by Kevin Smith
New Year’s resolutions offer us the chance to give up various things. When it comes to human rights, we should hang on to what we’re doing well.
It’s a new year, and with the flipping of the calendar page comes the usual push to change, to reform, to be better. I will drink less. I will eat less. I will exercise more. The resolution revolution is upon us.
Needless to say, pondering my could-be-healthier lifestyle got me thinking about human rights. Yes, you’re right – it’s a tenuous link, but hear me out.
Ultimately, governments who care about human rights and try to meet their obligations under human rights law face similar challenges to individuals trying to stay in shape. It’s a constant battle: there is no one-session solution, whether in Parliament or in the gym. Doing the right thing can be painful. Regulating one’s own behaviour requires not only will-power, but long-term thinking. Not doing the right thing might be more convenient in the moment, but ultimately, could lead to shame and embarrassment.
by Kevin Smith
One way, or the other?
The Government’s intention to use the legislature to intervene in some matters relating to the Church of England but not others is not only worrying for the Church, but ill-advised for the Government too.
The Church of England has been unusually talked about in the past few weeks, even for the Christmas season. The hot-button issues of the General Synod’s rejection of female bishops, and the Church’s response to the Government’s plans to introduce same-sex marriage, have thrust the UK’s national religious institution and its leaders into something of a political maelstrom.
By Kevin Smith
For a glorious, fleeting period spanning late elementary school and the early teenage years, the stylish response whenever objections were voiced regarding one’s playground conduct was to invite litigation.
Well… kind of. But not really. While the response “Oh yeah? So sue me!” was thrown around with casual off-handedness, it was of course a taunt. You don’t like it? So sue me. What are you going to do about it? I took your place at the lunch table? So sue me. I stole your snacks? So sue me. Pretty heady stuff, you’ll agree. Indeed, it’s hardly surprising that this flurry of prepubescent litigiousness was exciting enough to convince a few of those involved to pursue a professional career in the field.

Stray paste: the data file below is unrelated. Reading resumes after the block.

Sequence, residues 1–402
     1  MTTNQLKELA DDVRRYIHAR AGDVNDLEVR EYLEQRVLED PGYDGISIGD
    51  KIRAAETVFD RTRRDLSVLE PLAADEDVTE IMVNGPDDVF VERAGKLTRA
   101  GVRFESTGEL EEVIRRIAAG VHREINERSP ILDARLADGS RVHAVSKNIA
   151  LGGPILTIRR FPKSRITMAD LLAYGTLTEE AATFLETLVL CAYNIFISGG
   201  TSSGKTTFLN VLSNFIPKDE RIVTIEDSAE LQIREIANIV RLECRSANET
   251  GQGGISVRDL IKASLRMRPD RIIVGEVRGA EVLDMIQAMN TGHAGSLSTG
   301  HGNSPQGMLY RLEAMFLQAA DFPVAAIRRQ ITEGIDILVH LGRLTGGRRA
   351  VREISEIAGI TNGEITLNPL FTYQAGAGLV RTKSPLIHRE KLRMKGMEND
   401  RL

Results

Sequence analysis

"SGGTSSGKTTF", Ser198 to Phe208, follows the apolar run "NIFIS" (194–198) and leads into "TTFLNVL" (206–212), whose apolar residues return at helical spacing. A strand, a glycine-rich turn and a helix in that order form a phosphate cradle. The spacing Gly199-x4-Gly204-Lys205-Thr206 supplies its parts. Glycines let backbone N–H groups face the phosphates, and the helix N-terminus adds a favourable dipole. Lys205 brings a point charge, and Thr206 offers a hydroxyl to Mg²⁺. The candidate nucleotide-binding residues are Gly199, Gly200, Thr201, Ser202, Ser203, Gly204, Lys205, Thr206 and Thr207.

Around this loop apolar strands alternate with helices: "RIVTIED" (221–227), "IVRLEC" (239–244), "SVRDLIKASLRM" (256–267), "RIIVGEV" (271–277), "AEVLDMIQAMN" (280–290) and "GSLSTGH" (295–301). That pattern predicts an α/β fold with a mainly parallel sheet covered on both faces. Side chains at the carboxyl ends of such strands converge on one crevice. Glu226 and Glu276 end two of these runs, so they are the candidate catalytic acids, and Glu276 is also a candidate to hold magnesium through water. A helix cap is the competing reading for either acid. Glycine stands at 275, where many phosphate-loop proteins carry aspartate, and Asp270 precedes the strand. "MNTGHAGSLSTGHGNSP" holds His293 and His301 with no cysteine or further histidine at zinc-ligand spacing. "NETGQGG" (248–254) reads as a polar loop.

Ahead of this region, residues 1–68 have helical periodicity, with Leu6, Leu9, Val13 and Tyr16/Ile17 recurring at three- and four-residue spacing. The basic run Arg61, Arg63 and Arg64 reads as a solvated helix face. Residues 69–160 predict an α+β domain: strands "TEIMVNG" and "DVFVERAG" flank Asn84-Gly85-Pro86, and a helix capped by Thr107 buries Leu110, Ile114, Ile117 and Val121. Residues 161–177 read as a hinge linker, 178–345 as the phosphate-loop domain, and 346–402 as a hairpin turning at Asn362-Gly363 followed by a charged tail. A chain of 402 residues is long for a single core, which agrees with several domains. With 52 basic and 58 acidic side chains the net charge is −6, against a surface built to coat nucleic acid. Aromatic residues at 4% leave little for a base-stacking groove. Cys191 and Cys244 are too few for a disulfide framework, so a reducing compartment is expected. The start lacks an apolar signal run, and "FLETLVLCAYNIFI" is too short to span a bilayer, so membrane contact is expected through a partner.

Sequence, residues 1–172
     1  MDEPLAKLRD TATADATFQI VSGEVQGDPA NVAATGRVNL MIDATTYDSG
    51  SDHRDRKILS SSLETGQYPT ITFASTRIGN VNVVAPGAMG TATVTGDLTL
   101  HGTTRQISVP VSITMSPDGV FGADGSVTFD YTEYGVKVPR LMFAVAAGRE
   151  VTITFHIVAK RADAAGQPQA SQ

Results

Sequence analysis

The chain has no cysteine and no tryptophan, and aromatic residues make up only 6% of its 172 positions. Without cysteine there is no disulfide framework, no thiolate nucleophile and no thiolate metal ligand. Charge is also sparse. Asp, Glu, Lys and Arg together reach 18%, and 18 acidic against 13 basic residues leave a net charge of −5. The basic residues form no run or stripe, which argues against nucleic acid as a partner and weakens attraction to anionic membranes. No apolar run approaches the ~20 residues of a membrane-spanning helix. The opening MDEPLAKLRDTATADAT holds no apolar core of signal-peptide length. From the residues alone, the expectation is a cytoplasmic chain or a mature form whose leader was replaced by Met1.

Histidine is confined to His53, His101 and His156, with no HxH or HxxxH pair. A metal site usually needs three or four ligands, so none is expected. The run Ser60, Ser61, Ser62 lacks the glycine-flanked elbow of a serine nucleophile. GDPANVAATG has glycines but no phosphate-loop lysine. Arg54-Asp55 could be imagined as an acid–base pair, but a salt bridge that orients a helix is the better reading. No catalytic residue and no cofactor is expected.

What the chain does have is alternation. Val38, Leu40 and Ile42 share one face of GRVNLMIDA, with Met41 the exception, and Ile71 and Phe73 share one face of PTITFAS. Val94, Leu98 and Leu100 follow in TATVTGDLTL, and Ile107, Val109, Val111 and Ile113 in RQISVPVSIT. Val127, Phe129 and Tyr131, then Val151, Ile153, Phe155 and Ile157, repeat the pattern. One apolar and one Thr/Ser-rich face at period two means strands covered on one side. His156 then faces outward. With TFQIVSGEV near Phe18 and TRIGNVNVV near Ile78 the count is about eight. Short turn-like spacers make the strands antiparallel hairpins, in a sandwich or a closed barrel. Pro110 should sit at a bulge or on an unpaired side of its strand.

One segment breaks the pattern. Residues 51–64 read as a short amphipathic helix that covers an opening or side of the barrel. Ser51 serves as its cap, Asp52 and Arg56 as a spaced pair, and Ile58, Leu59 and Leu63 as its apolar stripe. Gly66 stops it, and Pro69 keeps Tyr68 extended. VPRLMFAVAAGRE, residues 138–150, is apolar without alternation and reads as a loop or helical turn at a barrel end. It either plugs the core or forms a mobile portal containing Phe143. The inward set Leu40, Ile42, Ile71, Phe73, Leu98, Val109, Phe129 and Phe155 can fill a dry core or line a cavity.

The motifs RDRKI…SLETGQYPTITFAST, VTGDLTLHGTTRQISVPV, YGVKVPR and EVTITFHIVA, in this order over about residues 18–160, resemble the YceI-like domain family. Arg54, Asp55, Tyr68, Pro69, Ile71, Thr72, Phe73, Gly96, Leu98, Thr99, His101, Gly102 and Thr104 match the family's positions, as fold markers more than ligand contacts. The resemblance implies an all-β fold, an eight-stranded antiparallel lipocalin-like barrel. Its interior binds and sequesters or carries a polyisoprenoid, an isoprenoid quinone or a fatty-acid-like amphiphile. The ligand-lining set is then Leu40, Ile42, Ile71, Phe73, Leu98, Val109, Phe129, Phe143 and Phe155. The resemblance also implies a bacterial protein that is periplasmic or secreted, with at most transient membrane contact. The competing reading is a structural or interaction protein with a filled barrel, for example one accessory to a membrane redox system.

By Kevin Smith
What kind of standards do we expect from the leaders who shape the way our businesses and social institutions function?
A little while ago my friend and colleague Sam Bright wrote an article for this site in the aftermath of erstwhile Barclays boss Bob Diamond’s resignation due to the unfolding LIBOR scandal. In it, Sam asked where the responsibility for such scandals should fall, and whether it’s appropriate in such instances to assign – or conversely, to restrict – blame to the shoulders of the “people at the top.”
Both the article and the issue itself raise challenging questions about accountability to the public. Ignoring for a moment the specificities of the Barclays scenario, there’s the broader question in any such instances of whether it is really reasonable to expect the resignation of an individual who might have had no idea about ongoing improprieties in his or her organisation. At the same time, holding accountable only the person or few people directly responsible for various misdeeds might see a handful of low-level “bad apples” out of their jobs, but is this enough to maintain or restore the public’s trust in the organisation as a whole? And what about, as Sam asks, the wider group of enablers – the legislators who created a legal framework where such scandals could take place, the regulators who turned a blind or even colluding eye, or the wilfully-ignorant shareholders who collectively had the power to demand better but failed to? Should any culpability rest with them? Read More
A few of the inconsistencies in the ‘gay marriage’ debate…
by Kevin Smith
“Keep Marriage Special,” (KMS) a lobby group including Anglican bishops and MPs, recently claimed that allowing gay marriage could lead to legalising polygamy and incest. This kind of “slippery slope” argument has been employed many times and in various forms against same-sex marriage. KMS now cites polygamy and incest as the threats; Rick Santorum infamously suggested bestiality. They’re all strands of the same twisted logic.
The suggestions are as offensive as they are ridiculous, but it’s not enough simply to identify these claims as mere scaremongering. It’s important to articulate not just that they’re absurd and outlandish, but why they’re wrong.